5. Todra or Todgha Gorge, Morocco. A picture of a picture! I was too excited to take a photo, plus: it was FREEZING. After returning to the hotel (which had no heat), I got under blankets and confirmed the sighting (at least to myself). A pair of African Desert Warblers, a fairly rare sighting, as the canyon floor is usually dry. But we were there in March. The Todgha River was awakening, its banks turning green, drawing migratory birds like warblers, who love moist habitats and their insects. Right after this sighting, it rained for several days non-stop. The river became a torrent. We were stranded at the hotel. Interesting to think on all the times when I've been forced to stay in place (the most obvious one being growing up in Karachi under a military regime, and all those curfews) but that's a different story! And I'd never compare blessed rain to a cursed general, or a man, however loathed, to a virus.
6. Haleakala, Maui. Action shot! This picture of Chukar chicks was taken on my first visit to beautiful Haleakala volcano in 1994. I returned in 2008, when living in Hawaii. Chukars, native to Asia, are the national bird of Pakistan. So imagine my surprise when I saw these babies running down a crater in an archipelago that is further from a land mass than any other place on earth. Apparently, they were introduced during World War II, for food. The birds live in dry areas, where water is prized. They can use tiny amounts of rainfall that seep into dirt. (In Pakistan, people say the birds will even enter a mineshaft, to taste a hidden spring.) Too many native Hawaiian species have been lost to intruders. Yet the Chukar might play a role in dispersing seeds, including of the endemic and endangered silversword plant. Chukars, like Hoopoes, keep their feathers clean primarily with dry baths. Water is for drinking, not for play.
7. Kilauea Point, Kauai. This is a lava peninsula on the steep, northern tip of Kauai, the wettest of all the (accessible) Hawaiian islands. It is a wildlife refuge with a lighthouse, nesting seabirds, and, on the grassy slopes, Nenes. These are endemic and endangered waterfowl that can only be found in Hawaii, making them the rarest geese in the world. Unlike other geese, the Nene breeds on land. It rarely flies. Its wings are famously weak, which made it easy to hunt. Nor does it swim very far; the feet are not as webbed as those of other geese. If water is near a nest, Nenes will swim, almost recreationally. They like a wet environment, relying on daily doses of mist and dew on the native and non-native plants they eat. Here is a pair, with chicks.
8. Guanacaste, Costa Rica. I found this Turquoise-Browed Motmot the day we were leaving our hotel on the Pacific coast. It was sitting still at the end of the long gravel driveway, flaunting that brow and racket tail (with the longest shaft of any other motmot). We had ample time to photograph it from the car, so this is one of our best bird shots; kindly credit this site if you borrow! Apparently, it's called pajaro bobo (foolish bird) for letting people come close. Ahem! I will say that it's not only easy to spot, but easy to name. (Some birds really make you wonder, like, red-rumped such and such, when the rump has no red, not one bit). Turquoise-Browed Motmots like the arid coast more than the rainforest, and build nesting burrows on sandy river banks. They're also known to build tunnel-shaped nests inside water wells.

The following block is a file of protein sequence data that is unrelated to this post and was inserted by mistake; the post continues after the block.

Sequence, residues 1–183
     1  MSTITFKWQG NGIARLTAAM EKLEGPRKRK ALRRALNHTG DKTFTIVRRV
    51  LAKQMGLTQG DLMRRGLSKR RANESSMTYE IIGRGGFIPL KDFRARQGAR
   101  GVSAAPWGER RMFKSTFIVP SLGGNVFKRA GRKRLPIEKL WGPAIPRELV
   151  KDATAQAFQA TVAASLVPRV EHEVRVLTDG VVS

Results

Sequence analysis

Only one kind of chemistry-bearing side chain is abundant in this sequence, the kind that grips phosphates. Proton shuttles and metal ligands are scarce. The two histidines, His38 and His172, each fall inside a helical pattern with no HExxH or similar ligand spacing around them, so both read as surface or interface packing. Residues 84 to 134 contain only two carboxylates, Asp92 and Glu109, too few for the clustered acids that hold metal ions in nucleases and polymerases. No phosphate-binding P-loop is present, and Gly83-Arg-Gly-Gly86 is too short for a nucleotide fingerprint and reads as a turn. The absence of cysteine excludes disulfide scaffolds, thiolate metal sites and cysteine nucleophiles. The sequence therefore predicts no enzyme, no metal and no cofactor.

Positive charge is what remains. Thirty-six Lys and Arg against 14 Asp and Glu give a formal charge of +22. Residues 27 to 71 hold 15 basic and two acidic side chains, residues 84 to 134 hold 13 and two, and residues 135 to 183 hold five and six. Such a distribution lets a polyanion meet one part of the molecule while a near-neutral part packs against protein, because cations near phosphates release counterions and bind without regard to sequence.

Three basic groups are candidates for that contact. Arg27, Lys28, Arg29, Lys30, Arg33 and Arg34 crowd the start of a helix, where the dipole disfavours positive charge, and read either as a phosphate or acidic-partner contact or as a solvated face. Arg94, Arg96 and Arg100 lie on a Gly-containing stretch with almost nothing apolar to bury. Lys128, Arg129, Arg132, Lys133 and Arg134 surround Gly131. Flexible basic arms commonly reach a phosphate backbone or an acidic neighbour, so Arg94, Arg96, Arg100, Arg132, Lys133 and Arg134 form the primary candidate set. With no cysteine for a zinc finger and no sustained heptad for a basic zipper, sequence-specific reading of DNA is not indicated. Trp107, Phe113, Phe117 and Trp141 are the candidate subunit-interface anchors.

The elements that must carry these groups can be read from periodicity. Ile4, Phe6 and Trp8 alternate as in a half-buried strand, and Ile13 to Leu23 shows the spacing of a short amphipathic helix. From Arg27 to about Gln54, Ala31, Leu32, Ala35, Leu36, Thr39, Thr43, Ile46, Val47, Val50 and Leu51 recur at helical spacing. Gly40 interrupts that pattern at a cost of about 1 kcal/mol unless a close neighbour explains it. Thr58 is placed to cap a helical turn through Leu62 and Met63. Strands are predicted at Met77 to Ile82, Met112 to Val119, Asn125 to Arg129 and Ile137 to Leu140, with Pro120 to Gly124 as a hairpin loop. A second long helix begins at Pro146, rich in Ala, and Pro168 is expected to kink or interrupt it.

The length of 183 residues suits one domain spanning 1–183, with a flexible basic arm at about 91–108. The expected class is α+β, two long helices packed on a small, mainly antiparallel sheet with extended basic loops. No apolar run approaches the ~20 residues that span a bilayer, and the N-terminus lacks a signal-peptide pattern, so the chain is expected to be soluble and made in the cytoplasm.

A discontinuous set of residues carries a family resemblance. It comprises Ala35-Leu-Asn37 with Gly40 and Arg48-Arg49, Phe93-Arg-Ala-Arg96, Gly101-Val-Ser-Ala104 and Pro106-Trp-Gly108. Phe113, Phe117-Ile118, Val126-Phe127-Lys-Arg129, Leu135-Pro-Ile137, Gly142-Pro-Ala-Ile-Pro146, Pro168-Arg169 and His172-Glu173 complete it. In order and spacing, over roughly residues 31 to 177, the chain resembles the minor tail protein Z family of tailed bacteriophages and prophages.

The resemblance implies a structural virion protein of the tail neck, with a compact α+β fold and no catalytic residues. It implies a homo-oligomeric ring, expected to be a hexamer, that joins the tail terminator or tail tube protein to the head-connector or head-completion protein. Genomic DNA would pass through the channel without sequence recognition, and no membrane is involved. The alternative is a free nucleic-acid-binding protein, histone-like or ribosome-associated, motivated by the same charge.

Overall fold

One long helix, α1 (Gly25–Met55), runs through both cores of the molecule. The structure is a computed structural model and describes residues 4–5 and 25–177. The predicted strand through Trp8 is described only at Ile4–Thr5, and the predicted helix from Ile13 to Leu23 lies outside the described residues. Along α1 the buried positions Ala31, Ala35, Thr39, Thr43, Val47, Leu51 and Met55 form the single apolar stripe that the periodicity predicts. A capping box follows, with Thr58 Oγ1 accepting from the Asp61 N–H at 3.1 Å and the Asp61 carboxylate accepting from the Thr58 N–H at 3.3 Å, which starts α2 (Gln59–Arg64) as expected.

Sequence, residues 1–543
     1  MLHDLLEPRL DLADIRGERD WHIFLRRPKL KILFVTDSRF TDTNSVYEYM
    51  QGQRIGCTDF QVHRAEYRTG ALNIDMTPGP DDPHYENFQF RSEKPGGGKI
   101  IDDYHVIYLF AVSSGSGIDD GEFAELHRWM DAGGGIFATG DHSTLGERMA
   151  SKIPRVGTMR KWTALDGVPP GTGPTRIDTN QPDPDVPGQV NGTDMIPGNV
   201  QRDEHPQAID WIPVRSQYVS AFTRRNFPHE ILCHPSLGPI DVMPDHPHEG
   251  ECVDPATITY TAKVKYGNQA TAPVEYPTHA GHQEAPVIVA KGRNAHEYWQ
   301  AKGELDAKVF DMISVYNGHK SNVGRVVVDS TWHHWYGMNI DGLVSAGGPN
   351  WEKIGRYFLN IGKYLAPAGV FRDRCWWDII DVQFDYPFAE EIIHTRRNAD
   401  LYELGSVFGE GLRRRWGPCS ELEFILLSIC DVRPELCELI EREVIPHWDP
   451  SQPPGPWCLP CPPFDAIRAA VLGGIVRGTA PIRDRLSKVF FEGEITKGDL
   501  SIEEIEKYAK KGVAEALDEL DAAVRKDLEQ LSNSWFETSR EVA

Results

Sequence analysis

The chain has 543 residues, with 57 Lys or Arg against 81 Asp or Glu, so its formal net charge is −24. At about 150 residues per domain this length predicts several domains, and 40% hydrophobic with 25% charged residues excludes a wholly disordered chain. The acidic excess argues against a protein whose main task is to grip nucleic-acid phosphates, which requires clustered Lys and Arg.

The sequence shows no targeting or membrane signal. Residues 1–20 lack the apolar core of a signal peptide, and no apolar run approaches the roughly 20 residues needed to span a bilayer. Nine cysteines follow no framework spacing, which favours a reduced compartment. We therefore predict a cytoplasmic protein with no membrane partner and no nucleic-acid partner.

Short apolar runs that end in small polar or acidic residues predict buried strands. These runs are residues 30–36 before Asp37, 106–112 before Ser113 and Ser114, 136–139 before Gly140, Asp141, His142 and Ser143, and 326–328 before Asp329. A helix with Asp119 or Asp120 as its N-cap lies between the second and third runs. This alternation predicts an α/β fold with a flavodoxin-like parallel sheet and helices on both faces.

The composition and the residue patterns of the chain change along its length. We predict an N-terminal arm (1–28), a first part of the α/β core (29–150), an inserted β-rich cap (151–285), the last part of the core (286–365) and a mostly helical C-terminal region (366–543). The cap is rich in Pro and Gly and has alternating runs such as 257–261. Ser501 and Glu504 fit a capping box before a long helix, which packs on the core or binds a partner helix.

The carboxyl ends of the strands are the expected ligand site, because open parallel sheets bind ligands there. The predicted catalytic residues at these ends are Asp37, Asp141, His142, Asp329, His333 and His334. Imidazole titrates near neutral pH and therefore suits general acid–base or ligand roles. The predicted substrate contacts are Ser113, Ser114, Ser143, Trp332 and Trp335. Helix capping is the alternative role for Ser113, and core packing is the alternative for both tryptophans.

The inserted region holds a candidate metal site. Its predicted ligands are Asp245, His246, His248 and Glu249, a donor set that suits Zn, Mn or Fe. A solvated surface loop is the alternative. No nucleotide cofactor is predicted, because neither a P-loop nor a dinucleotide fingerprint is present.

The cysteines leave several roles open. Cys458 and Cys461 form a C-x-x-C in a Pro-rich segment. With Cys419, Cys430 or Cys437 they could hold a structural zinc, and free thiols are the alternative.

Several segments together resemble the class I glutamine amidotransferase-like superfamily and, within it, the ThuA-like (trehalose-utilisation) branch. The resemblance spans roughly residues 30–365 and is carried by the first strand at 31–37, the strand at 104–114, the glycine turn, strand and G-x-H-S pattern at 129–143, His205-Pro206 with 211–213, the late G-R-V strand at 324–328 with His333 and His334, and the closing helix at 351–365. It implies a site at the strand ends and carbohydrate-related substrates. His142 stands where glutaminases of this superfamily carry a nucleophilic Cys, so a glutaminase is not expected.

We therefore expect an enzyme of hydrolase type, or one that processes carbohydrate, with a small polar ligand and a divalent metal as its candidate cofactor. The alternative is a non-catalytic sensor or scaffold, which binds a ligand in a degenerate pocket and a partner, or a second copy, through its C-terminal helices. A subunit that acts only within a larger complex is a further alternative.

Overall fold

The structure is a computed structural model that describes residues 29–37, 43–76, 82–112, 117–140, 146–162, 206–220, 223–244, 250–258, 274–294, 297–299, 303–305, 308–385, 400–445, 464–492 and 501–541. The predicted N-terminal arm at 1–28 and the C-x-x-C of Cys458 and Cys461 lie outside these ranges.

9. Monteverde, Costa Rica. The Hummingbird Gallery at the tip of the Monteverde Cloud Forest Reserve offered a once in a lifetime opportunity to see a wider array of hummers than I've seen anywhere else. Spotted there: Violet Sabrewings, Green Violetears, Coppery-Headed Emeralds, a Green Hermit (also aptly named; so skittish!), and many, many other kinds. Pictured here are three Green Crowned Emeralds that reminded me of desi aunties. (One always had its back to the others, who complained loudly and often.) Unlike Chukars and Hoopoes, hummingbirds love to bathe in water. They like heavy rain, dew, garden sprinklers, water fountains, and, of course, sugar water in your feeder, which is similar to flower nectar. Absolutely everything they drink and eat (aside from flowers, they love bugs) depends on water.
10. Central Park Zoo, NYC. My last photo is the exception. It's of a bird in captivity. The Nicobar Pigeon is special to me as it belongs to the Andaman and Nicobar Islands, where I set my novel The Miraculous True History of Nomi Ali. Like me, the bird is far from 'home.' It now has many homes: Malaysia, Thailand, Palau, more. For me, home is not only Pakistan, but all the places I've lived. Many geographies have shaped me, and continue to, as I reinvent a 'natural habitat.' Nomi, which took 26 years plus to complete, is a product of many displacements. (Scroll my blog for interviews describing how I came to and stuck with it.) For this post, back to the pigeon. It may be the closest relative to the extinct dodo, and its own future is precarious. What's saved it so far is a love of roaming; it will fly on the open ocean from rock to rock, sleeping on remote islands. We know that pigeons fly faster over water than over land. Even so, predators are catching up: logging, poaching, polluting, the pet trade. The IUCN lists it as a near threatened species. Will this bird survive?
Birds are free and resilient and beautiful. They do what people can only achieve through the power of our imagination: with their physical bodies, birds defy borders. Let's use our powers to keep theirs alive.